Also of interest…
In lives behind the camera
Room to Dream
by David Lynch and Kristine McKenna (Random House, $32)
Room to Dream is more than autobiography, said David Thomson in the San Francisco Chronicle. As filmmaker David Lynch and his co-author take turns recounting the events of Lynch’s life, they construct “a reverie on America”—setting their story against a landscape as powerfully unsettling as Lynch’s Blue Velvet or Eraserhead. The 72-year-old director emerges as a prime example of how, in America, defying reality can be a source of genius-level art.
How Did Lubitsch Do It?
by Joseph McBride (Columbia, $40)
“It’s hard to comprehend how Ernst Lubitsch could be so overlooked by today’s film fans,” said Chris Yogerst in The Washington Post. A giant of Hollywood’s Golden Age, the German-Jewish émigré was worshipped by Alfred Hitchcock and Billy Wilder and infused each of his films with a distinctive worldliness. Historian Joseph McBride deftly analyzes the “Lubitsch touch,” evident in such masterpieces as 1940’s The Shop Around the Corner, and mourns the decline of that brand of sophisticated humor.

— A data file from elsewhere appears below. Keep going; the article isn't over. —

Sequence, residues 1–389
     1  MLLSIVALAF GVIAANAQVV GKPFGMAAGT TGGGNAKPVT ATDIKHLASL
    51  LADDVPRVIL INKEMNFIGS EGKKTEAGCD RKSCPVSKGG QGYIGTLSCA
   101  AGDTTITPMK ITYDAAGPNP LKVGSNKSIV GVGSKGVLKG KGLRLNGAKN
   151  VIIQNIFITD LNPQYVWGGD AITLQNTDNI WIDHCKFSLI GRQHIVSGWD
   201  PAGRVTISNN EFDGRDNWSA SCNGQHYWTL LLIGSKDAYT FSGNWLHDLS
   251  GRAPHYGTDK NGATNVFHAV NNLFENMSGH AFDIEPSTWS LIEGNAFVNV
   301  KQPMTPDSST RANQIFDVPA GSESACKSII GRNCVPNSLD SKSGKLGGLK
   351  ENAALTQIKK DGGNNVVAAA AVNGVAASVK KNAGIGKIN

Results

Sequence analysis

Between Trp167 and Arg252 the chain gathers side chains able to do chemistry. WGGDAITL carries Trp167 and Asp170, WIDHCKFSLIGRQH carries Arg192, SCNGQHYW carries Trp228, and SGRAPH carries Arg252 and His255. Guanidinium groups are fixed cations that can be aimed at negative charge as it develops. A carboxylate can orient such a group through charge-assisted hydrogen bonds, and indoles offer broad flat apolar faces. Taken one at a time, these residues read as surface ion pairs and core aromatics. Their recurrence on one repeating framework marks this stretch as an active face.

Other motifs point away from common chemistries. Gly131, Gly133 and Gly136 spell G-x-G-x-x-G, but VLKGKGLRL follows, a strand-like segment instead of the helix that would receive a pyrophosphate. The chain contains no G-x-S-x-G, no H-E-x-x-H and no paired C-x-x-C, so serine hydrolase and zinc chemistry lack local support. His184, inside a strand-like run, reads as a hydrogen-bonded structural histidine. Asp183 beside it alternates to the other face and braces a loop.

by Christopher Bonanos (Holt, $32)
Weegee isn’t the only photographer who ever found truth in the streets, “but he did it first,” said Michael Lindgren in Newsday. Arthur “Weegee” Fellig’s lurid images of gangsters and crime scenes in 1930s New York created an indelible impression of the era, and in Flash, New York magazine’s Christopher Bonanos proves a “peerless” guide to the tabloid legend’s career. He’s “clear-eyed about his subject’s less attractive traits while conveying affection for the man’s brio.”
by Julia Van Haaften (Norton, $45)
“Brilliant, cantankerous, and indefatigable,” Berenice Abbott was “always ahead of her time,” said Ann Levin in the Associated Press. In an era when other photographers favored mysticism, she was “fiercely committed to documentary realism,” creating powerful portraits in the 1920s and iconic cityscapes in the ’30s and beyond. At 487 pages, Julia Van Haaften’s new biography proves “both absorbing and exhausting.” Even so, Abbott’s restless nature and devotion to truth “come through loud and clear.”